Sacha Levy’s Unorthodox Kindness: Holby City’s Medicine and Pedagogy

Carolann North, Frank Ferguson

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Holby City is a stalwart of British television media. Since its conception in 1999, the show has continued to attract contemporary audiences who tune in to passively, and passionately, experience turbulent battles between life and death. However, the locus of interest is not on the patients within Holby’s wings, but rather the staff themselves; it is their emotional, psychological and pedagogical development which spurs the plot forward and grips viewer attentions. Through the use of medical pedagogy, Holby City becomes a drama of perpetual bildungsromane, where relationships between peers, mentors, and mentees are under consistent pressure. Furthermore, this pedagogy does not merely ensure Holby City’s series continuation but becomes a site of transformation, challenging preconceived ideologies of toxic masculinity. This is never more apparent than in the character of Sacha Levy (Bob Barrett), whose emotional availability, vulnerability, and religious spirituality directly challenge concepts of the self-destructive ‘burnt-out’ male medic.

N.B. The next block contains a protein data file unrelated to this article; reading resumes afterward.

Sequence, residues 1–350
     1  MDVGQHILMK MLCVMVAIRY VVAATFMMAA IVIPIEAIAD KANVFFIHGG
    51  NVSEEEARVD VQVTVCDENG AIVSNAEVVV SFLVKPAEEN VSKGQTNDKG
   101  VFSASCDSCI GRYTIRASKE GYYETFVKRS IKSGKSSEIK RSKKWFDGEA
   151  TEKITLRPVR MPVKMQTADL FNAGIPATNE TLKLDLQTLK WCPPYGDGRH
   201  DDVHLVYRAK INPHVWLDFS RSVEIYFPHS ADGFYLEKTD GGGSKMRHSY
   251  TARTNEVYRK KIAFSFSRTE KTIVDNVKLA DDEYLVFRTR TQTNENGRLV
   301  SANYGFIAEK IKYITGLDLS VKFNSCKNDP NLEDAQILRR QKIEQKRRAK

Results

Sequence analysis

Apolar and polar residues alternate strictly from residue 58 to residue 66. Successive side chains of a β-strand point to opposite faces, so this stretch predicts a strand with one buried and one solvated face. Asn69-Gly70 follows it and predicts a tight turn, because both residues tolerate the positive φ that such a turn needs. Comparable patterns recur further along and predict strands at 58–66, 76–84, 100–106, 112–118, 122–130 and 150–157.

This article explores the character of Sacha Levy in Holby City, demonstrating how the show’s writers engage actively in research to directly confront stereotypes of toxic masculinity and Jewish underrepresentation in the contemporary medical drama.
Original languageEnglish
Pages (from-to)265-278
Number of pages14
JournalJournal of Popular Television
Issue number2
Early online date1 Jun 2021
Publication statusPublished (in print/issue) - 1 Jun 2021


  • Pedagogy
  • masculinity
  • Holby City
  • Judaism
  • mental health
  • medical drama
  • television
  • BBC


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